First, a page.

Charles Phalen, appointed director of NBIB about six weeks ago, said the clearance process isn’t fast enough.
About six weeks into his appointment as head of the new background check investigation bureau, Charles Phalen recently enumerated several challenges he's already faced, including reducing the processing time for clearances.
A former background check investigator himself, Phalen helms the new National Background Investigation Bureau, formally stood up in October and housed within the Office of Personnel Management. The Defense Department is handling much of the technological infrastructure supporting NBIB, and recent reports suggest the system itself might not go live for another two years.
While current wait times for clearance are between 95 to over 200 days, Phalen said NBIB is trying to reduce that to 40 to 80—the number of days by which they're legally mandated to deliver secret or top secret clearances.
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“We clearly are not meeting that. My backlog could be 5 million cases and nobody would care, as long as I was still delivering that product in 40 or 80 days," Phalen said at a Professional Services Council event in Washington on Thursday.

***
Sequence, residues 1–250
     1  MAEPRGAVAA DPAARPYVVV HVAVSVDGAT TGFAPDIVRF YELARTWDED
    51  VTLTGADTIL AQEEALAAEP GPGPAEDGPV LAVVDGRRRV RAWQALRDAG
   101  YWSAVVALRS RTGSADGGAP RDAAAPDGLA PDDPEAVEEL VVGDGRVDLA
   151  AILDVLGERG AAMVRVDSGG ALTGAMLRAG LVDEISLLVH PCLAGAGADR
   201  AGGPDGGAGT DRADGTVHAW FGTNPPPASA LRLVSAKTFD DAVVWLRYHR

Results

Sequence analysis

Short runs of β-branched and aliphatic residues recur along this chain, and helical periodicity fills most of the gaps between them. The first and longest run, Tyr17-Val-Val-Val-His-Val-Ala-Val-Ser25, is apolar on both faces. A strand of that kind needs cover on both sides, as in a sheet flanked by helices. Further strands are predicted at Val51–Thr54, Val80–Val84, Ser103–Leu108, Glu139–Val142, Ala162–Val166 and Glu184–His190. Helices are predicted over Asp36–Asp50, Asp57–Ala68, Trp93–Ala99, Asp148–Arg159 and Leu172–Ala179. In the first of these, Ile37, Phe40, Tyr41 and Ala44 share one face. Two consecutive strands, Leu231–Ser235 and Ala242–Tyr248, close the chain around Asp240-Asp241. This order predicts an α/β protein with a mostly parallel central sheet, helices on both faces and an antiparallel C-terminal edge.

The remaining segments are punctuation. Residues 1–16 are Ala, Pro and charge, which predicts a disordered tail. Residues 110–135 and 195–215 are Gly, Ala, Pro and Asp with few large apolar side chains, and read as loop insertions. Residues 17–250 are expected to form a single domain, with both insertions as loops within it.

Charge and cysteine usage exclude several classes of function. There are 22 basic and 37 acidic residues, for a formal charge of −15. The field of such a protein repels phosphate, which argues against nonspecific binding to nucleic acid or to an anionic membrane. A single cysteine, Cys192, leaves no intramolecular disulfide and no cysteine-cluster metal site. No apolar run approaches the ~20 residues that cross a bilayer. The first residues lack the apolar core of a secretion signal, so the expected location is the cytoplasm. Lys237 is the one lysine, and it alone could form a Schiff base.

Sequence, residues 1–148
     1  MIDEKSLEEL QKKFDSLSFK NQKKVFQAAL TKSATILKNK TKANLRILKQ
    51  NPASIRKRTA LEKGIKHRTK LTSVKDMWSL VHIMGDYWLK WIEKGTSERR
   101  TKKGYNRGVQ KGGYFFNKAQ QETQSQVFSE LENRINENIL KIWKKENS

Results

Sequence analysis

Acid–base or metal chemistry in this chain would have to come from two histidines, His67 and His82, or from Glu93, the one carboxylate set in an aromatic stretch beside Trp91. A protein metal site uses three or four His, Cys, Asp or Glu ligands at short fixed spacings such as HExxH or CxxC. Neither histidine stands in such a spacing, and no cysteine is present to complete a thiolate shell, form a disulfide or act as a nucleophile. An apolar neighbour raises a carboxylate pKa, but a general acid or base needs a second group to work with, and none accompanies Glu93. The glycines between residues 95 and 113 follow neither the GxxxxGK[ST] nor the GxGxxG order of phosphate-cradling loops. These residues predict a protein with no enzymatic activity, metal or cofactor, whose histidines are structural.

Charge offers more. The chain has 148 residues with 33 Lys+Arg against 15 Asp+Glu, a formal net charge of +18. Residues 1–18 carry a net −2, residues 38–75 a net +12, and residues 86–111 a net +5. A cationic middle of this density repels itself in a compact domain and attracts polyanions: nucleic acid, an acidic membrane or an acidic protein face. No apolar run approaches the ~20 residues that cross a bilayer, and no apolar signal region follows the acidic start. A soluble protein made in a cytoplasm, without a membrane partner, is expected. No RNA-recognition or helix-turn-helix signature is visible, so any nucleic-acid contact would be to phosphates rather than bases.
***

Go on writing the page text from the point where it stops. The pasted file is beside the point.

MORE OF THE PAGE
Getting agencies to accept trustworthiness assessments conducted for other employees at agencies is also a challenge, and background check information is not easily replicable or reused across agencies, he said.
“That actually worked pretty well about 10 years ago,” he said, adding that getting back to that point is his goal.
NBIB is designed to "provide the basis for a consistent data collection of that ... makes up some of that personality [or] trustworthiness [assessment], I think we'll be able to get back to where we need on this, but it is not where it needs to be right now."